Imagine that you go to the bank, and ask for a $100,000 mortgage. The nice guy in the bank agrees to lend you the money, and since you need to pay that in 5 installments, you take $15,000 to the contractor, and leave the rest in the bank until it is needed. The bank is doing brisk business, and promises a lot of customers that they can get their mortgage in the bank. Since most of the mortgages are also taken in installments, the bank never actually has enough money to hand over to all lenders. But it makes do.
Until one dark day when you come to the bank and ask for the rest of the money, because it is time to install the kitchen cabinets, and you need to pay for that. The nice man at the bank tells you to wait a bit, and goes to see if they have any money. At this point, it would be embarrassing to tell you that they don’t have any money to give you, because they over committed themselves. The nice man from the bank murders you and bury your body in the desert, to avoid you complaining that you didn’t get the money that you were promised. Actually, the nice man might go ahead and kill someone else (robbing them in the process), and then give you their money. You go home happy to your blood-stained kitchen cabinets.
That is how memory management works in Linux.
After this dramatic opening, let us get down to what is really going on. Linux has a major problem. Its process model means that it is stuck up a tree and the only way down is via free fall. Whenever a process wants to create another process, the standard method in Linux is to call fork() and then call execv() to execute the new binary. The problem here is what fork() does. It needs to copy the entire process state to the new process. That includes all memory, handles, registers, etc.
Let us assume that we have a process that allocated 1GB of memory for reading and writing, and then called fork(). The way things are setup, it is pretty cheap to create the new process, all we need to do is duplicate the kernel data structures and we are done. However, what happens when the memory that the process allocated? The fork() call requires that both processes will have access to that memory, and also that both of them may modify it. That means that we have a copy on write situation. Whenever one of the processes modify the memory, it is forcing the OS to copy that piece of memory to another physical memory location and remap the virtual addresses.
This allows the developer to do some really cool stuff. Redis implemented its backup strategy via the fork() call. By forking and then dumping the in memory process state to disk it can get consistent snapshot of the system with almost no code. It is the OS that is responsible for maintaining that invariant.
Speaking of invariants, it also means that there is absolutely no way that Linux can manage memory properly. If we have 2 GB of RAM on the machine, and we have a 1GB process that fork()-ed, what is going to happen? Well, it was promised 1 GB of RAM, and it got that. And it was also promised by fork() that both processes will be able to modify the full 1GB of RAM. If we also have some other processes taking memory (and assuming no swap for the moment), that pretty much means that someone is going to end up holding the dirty end of the stick.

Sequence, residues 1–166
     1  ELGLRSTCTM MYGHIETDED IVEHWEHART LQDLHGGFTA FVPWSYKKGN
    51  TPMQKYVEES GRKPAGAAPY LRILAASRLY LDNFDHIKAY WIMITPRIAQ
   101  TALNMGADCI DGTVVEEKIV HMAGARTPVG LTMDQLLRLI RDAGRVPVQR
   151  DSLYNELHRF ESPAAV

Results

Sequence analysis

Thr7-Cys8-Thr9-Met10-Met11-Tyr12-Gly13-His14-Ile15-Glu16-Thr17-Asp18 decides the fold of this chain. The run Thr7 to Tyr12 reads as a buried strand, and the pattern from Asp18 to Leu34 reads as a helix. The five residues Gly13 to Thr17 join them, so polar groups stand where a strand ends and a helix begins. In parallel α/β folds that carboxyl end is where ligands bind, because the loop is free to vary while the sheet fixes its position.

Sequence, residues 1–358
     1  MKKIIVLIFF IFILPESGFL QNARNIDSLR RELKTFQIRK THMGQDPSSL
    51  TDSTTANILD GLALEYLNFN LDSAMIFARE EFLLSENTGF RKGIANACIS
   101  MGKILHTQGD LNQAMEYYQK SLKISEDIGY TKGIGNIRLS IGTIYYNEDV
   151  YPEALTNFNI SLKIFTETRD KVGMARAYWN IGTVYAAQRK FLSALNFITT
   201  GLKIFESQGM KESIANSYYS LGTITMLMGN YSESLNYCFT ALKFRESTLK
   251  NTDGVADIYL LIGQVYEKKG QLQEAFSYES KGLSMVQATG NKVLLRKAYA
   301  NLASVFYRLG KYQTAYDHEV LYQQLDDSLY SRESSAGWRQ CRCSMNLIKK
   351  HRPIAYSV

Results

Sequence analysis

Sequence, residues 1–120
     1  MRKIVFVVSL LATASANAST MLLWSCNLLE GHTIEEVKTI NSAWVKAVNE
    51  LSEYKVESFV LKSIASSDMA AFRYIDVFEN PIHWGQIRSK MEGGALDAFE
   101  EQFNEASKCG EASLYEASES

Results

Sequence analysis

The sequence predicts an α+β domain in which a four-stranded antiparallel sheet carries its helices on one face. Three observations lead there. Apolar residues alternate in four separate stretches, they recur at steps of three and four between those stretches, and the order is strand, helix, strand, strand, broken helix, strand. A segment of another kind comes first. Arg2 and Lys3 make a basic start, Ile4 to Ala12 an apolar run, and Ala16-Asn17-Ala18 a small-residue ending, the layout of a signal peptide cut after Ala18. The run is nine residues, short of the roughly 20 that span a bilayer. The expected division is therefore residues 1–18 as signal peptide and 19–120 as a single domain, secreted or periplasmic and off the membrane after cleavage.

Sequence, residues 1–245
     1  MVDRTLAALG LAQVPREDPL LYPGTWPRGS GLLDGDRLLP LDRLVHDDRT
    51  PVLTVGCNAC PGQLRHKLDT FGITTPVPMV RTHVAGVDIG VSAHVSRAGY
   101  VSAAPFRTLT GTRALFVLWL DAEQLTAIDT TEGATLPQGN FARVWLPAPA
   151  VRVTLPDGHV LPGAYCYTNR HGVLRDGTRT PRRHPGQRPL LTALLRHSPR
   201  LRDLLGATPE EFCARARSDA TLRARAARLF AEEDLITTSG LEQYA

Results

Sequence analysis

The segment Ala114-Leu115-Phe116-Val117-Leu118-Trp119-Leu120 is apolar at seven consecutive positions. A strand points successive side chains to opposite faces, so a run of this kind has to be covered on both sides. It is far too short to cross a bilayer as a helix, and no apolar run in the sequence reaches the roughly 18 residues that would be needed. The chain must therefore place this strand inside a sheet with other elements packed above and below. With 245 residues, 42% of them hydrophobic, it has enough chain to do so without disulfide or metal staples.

Now, Linux has a configuration option that would prevent it (vm.overcommit_memory = 2, and the over commit ratio, but that isn’t really important. I’m including this here for the nitpickers, and yes, I’m aware that you can set oom_adj = –17 to protect myself from this issue, not the point.). This tells Linux that it shouldn’t over commit. In such cases, it would mean that the fork() method call would fail, and you’ll be left with an effectively a crippled system. So, we have the potential for a broken invariant. What is going to happen now?
Well, Linux promised you memory, and after exhausting all of the physical memory, it will start paging to swap file. But that can be exhausted to. That is when the Out Of Memory Killer gets to play, and it takes an axe and start choosing a likely candidate to be mercilessly murdered. The “nice” thing about this is that there is no control over that, and you might be a perfectly well behaved process that the OOM just doesn’t like this Monday, so buh-bye!
Looking around, it seems that we aren’t the only one that had run head first into this issue. The Oracle recommendation is to set things up to panic and reboot the entire machine when this happens, and that seems… unproductive.
The problem is that as a database, we aren’t really in control of how much we allocate, and we rely on the system to tell us when we do too much. Linux has no facility to do things like warn applications that memory is low, or even letting us know that by refusing to allocate more memory. Both are things that we already support, and would be very helpful.
That is quite annoying.